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Looking after yourself and your home as bad weather rolls in

Looking after yourself and your home as bad weather rolls in - AA Insurance

Auckland, 15 November 2016 – As severe weather hits the country AA Insurance is urging customers with earthquake damaged homes to look after themselves first, and only attempt to secure their properties against the storms if it is safe to do so.

Strong winds and heavy rain have been forecast to continue to batter the country this week, with a MetService warning that winds in some areas could be powerful enough to lift roofs, bring down powerlines, damage trees and make driving difficult.

“Our first priority is your safety and that of your family,” says Simon Hobbs, Head of Claims at AA Insurance. “With the storms arriving, if you need emergency repairs, such as mending a hole in your roof or replacing smashed window panes, or you are unable to stay in your home and need assistance, then ring us on 0800 500 216 as soon as you can.

“If it is safe for you to do so, then check your property and repair anything that may be damaged, or could cause damage to another part of your, or your neighbours’, property. Secure or store away items such as outdoor furniture or garden equipment that could be blown about in the storm.

“However, even if there is storm damage on top of damage from Monday’s earthquake, you’ll still be covered by your insurance. There is no rush to make a claim unless you need us to arrange temporary accommodation or to do emergency repairs,” he continues.

AA Insurance advises its customers to stay safe:
·         Make sure you, your family and pets are safe
·         Do not attempt to inspect or repair any damage until it is safe to do so
·         Keep clear of broken windows or roofs
·         Follow Civil Defence guidelines for your safety –
·         AA Insurance customers should call us on 0800 500 216 to report any damage to your property especially if you need emergency repairs.

Securing your property (if you can access it safely):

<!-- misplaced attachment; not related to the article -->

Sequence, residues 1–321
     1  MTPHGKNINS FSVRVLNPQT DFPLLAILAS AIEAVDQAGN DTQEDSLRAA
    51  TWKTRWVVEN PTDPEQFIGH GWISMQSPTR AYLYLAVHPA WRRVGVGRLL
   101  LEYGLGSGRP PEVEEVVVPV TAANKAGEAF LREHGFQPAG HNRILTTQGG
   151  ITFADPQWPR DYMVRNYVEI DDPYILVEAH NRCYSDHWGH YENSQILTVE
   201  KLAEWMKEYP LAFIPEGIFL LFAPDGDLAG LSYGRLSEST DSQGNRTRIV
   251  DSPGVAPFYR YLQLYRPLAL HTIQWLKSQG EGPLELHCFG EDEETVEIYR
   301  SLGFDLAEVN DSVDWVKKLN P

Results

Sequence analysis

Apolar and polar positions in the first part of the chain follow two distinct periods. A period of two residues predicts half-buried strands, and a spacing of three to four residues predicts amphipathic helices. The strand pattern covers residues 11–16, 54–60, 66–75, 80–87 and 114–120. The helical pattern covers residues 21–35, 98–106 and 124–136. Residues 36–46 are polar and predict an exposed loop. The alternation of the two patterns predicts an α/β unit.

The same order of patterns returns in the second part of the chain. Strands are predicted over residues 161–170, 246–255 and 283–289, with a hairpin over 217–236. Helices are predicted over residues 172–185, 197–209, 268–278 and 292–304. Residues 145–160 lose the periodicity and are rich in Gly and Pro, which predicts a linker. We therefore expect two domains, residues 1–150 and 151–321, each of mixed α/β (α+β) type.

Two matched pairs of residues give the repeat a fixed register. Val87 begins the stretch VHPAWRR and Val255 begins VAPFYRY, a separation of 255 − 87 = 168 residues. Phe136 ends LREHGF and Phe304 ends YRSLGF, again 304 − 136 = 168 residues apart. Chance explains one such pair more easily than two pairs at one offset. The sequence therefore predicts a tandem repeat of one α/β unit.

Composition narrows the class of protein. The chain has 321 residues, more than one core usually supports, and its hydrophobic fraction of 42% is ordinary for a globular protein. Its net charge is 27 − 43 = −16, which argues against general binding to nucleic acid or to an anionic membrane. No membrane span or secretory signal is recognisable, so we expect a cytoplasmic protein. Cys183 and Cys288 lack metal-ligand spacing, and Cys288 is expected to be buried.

·         If there is water in your light fittings, turn your lights off and call an electrician immediately
·         If it is safe to do so, place a tarpaulin over any areas where the roof is leaking.
·         Pull curtains and drapes over windows to prevent injury from shattered or flying glass
·         Unplug appliances which may be affected by electrical power surges. If power is lost unplug major appliances
·         If the floors are wet, lift your furniture off the floor to prevent staining
·         If possible, pack fragile items away until the aftershocks subside
·         Don’t drive unless you absolutely need to. If your vehicle has been damaged or suffered flooding it may be unsafe to drive
·         Secure or move your outdoor furniture inside, or any debris that could go flying during a storm or high winds
·         Keep or take photos of any damaged items, including spoilt food if your power has gone off or any other items you may have needed to dispose of – this is useful to confirm with EQC or your insurer what needs replacing

EQC advice
There is no urgency to make a claim, however those customers who are ready to do so should follow these steps:
·         Ring your insurer first if you need temporary accommodation or urgent repairs.
·         EQC will be taking care of the first $115k of house and $23k of contents damage (inc gst), so if you have minor or moderate earthquake-related damage to your home or contents, you should contact EQC.
·         You can lodge a claim by contacting EQC directly, or make a claim online via the EQC website.
·         EQC will then let us know that you’ve made a claim with them.
·         You have three months to make your claims with EQC for any non-urgent repairs, so you have time to look after any critical matters first.

“Once people have time to assess the damage they’ll start contacting EQC or their insurer, to help with the damage, or make emergency plans,” Simon says. “However, as aftershocks are still happening, and bad weather is hitting the country, it’s too soon to know the extent of the claims. At this stage it’s more important for people to focus on their own safety and to contact us if they need our help.”


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